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AOL turned in mixed earnings on Wednesday, with higher revenue but profit that missed estimates, and shares dropped 23% in afternoon trading. CEO Tim Armstrong said he was pleased with the company's performance, pointing to five quarters in a row of revenue, profit and traffic growth. That's coming from a fairly low baseline the company hit a few years ago.
Mr. Armstrong spoke with Ad Age after this morning's earnings call, touching upon the company's narrowing investment in its content brands, the impending profitability of its ad-tech division and an update on its NewFronts performance:
Advertising Age: Has AOL sold any more original digital shows after your NewFronts event last week?
Tim Armstrong: Yes we have but I don't think we're releasing that yet.
Ad Age: Video and ad-tech are bundled into "AOL Platforms." When will that side of your business be profitable?
Mr. Armstrong: On the earnings call today we basically said AOL Platforms will be a billion dollar business this year and be profitable this year. We were transparent with Wall Street on that during our earnings call. 2014 will be the year that the business turns to profitability.
Ad Age: Are your acquisitions of companies like Convertro ($101 million) and Gravity ($50 million) part of what's keeping that side of the business in the red?
Mr. Armstrong: We have been putting in organic and inorganic investments in that business. We invested in hiring a number of people and built AOP and Marketplace on the programmatic side. And we've acquired Adap.tv, Gravity and now Convertro. We've been in investment gear mode. Overall revenue is growing and we believe profitability will be in sight for this year.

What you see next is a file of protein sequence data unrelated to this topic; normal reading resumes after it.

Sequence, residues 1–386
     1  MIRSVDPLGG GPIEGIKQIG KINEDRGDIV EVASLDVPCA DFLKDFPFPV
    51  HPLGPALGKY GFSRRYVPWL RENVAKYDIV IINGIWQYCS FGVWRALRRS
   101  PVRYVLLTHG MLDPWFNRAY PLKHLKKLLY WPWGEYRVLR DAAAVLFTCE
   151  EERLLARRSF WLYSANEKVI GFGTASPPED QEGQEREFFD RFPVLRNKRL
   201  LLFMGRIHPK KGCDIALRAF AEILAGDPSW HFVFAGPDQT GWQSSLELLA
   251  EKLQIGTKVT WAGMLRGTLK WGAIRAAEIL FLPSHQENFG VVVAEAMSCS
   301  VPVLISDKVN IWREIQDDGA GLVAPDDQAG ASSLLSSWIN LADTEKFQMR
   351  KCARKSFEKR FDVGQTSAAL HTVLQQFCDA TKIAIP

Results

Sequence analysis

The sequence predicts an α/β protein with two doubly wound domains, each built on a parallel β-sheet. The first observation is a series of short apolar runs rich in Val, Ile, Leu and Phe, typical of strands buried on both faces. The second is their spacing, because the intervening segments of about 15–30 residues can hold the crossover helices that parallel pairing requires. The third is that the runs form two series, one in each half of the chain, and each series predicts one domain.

Ad Age: Do you even get nervous about the amount of revenue that's being contributed by the membership side of AOL? It was down 7% percent this quarter. What's AOL planning to do when that continues to shrink?
Mr. Armstrong: The main areas of focus for us are video, programmatic ads and the build out of our content properties, of which AOL service is one of them. We believe AOL is a very valuable brand, has very valuable consumers and will be around for a really long period of time.
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Ad Age: What about the brand side? Some brands are being de-emphasized. Are there are any you can name outside of Patch?
Mr. Armstrong: Our strategy has been to invest in brands that have global capability and global expansion capability. Huffington Post went to South Korea and Brazil in Q1. TechCrunch has gone to Russia and China. Makers, we just announced a partnership in China. And we expanded Engadget into the UK. The Huffington Post, 40% of its traffic is international. Our investments have been around the globalization and platform-ability of these brands.
Separately, there are smaller properties which we have been not investing in as heavily and moving those investments towards unified strategies. We'll take something like a Cambio, for instance. That property, which is really focused on teens, is a property we still have but the investment level is not going to be a global investment level. We have been trying to feed the global brands and retool or fold the non-global brands into larger brands.
Ad Age: Why even hang on to the smaller properties?
Mr. Armstrong: When I got here there were about 300 brands and then we went down to about 80 and then down to about 30. Now we're getting down to sort of the 15 level. There's been a consistent march down to fewer, bigger brands and that march continues.
Ad Age: So you're solidifying around a handful of premium brands and digging in?
Mr. Armstrong: Yes. The power brands.
Ad Age: What about Patch? Is [Patch partner] Hale Global keeping its promises?
Mr. Armstrong: Yes, I just met with them last week and I've been in touch with them on a regular basis. They've done a really good job restructuring Patch and I think Hale Global will have more announcements coming out. They've done a good job of moving Patch to a much better place, which we expected. And they've done exactly what they've said they would do.